Take the 2-minute tour ×
Stack Overflow is a question and answer site for professional and enthusiast programmers. It's 100% free, no registration required.

I have made an ObservableCollection<T> that fires a CollectionChangedEvent every time a Property of the objects in the collection (T: INPC) is changed. I want to know which property of T has fired the CollectionChangedEvent, so I tried the following:

    void item_PropertyChanged(object sender, PropertyChangedEventArgs e)
        OnCollectionChanged(new NotifyCollectionChangedEventArgs(NotifyCollectionChangedAction.Reset, e));

I pass the PropertyChangedEventArgs e to the constructor of the NotifyCollectionChangedEventArgs.

As per Intellisense, the 2nd constructor takes two parameters: a NotifyCollectionChangedAction, and an object called "changedObject", which is described as "the item that has been affected by the change".

So I thought that I could grab that object in the CollectionChangedEventHandler and check for the PropertyName, but oh! surprise! the NotifyCollectionChangedEventArgs does not expose a "ChangedObject" property (I can see Action, NewItems, OldItems, NewStartingIndex, OldStartingIndex).

Any ideas on how to achieve this? And by the way, what use does it have to construct the NotifyCollectionChangedEventArgs with an object which you cannot access later?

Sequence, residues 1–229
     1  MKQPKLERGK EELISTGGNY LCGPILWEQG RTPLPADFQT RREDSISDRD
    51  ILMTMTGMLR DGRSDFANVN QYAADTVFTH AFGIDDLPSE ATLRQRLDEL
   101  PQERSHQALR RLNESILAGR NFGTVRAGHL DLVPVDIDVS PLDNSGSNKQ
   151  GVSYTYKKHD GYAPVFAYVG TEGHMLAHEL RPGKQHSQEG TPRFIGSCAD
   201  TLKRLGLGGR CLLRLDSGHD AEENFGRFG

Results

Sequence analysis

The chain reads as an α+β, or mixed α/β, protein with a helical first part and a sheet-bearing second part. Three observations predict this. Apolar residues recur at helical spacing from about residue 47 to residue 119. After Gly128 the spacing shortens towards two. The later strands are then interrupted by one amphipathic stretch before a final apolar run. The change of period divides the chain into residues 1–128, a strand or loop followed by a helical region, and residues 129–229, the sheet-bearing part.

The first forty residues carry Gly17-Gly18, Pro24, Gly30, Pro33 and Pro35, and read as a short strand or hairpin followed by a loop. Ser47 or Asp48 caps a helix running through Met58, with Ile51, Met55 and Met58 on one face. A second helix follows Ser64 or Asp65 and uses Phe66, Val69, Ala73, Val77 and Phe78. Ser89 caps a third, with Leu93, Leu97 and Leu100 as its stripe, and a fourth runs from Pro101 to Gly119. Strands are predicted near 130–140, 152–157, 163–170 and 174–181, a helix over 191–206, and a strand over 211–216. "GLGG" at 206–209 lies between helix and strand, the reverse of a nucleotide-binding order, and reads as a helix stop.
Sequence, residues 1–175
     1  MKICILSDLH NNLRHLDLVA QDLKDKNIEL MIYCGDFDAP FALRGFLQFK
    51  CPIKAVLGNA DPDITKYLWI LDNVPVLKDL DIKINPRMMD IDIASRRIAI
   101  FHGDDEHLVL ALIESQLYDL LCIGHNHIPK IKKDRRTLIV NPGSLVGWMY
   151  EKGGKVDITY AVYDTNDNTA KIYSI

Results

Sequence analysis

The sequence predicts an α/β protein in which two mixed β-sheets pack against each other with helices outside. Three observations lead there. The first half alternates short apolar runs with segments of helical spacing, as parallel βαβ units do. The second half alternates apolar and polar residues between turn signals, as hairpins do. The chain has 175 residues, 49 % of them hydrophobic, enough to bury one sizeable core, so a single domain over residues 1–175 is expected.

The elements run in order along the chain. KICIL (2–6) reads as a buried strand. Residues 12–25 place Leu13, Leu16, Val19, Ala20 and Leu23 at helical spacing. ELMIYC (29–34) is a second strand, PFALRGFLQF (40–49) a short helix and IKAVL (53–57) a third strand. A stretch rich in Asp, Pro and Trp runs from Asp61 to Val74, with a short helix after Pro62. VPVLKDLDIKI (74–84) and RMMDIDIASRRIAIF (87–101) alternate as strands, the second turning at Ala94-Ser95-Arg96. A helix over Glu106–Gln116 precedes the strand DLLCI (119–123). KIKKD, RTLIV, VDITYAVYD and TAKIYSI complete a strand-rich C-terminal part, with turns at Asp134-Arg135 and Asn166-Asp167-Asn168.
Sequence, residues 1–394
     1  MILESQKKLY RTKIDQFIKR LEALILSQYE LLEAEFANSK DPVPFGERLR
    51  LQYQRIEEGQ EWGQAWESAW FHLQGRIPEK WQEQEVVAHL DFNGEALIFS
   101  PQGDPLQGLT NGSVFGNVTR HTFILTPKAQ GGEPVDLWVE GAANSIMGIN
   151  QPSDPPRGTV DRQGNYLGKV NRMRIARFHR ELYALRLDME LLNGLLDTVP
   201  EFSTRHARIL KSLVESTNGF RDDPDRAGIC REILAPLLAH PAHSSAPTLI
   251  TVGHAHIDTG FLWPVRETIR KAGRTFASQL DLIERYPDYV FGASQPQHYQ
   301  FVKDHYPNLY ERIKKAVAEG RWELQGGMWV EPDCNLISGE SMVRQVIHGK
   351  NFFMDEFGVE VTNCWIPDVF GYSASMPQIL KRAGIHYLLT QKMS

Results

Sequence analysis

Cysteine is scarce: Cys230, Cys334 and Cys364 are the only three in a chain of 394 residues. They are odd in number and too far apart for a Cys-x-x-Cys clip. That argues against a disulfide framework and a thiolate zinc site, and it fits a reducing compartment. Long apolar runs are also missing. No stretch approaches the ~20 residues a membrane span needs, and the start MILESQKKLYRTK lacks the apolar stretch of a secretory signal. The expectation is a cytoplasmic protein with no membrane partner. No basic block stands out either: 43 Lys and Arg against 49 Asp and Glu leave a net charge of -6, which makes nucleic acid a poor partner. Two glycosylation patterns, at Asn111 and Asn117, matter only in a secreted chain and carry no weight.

share|improve this question
Hint: NewItems and OldItems. –  Metro Smurf Jan 10 '13 at 17:25

1 Answer 1

up vote 1 down vote accepted

When you use the NotifyCollectionChangedEventArgs(NotifyCollectionChangedAction, object) constructor, the changedItem will either be in the NewItems collection (if you specify NotifyCollectionChangedAction.Add) or the OldItems collection (if you specify NotifyCollectionChangedAction.Remove).

If you specify NotifyCollectionChangedAction.Reset, the changedItem parameter must be null, otherwise you'll get an ArgumentException.

If you specify any other NotifyCollectionChangedAction value, you'll also get an ArgumentException.

share|improve this answer

Your Answer


By posting your answer, you agree to the privacy policy and terms of service.

Not the answer you're looking for? Browse other questions tagged or ask your own question.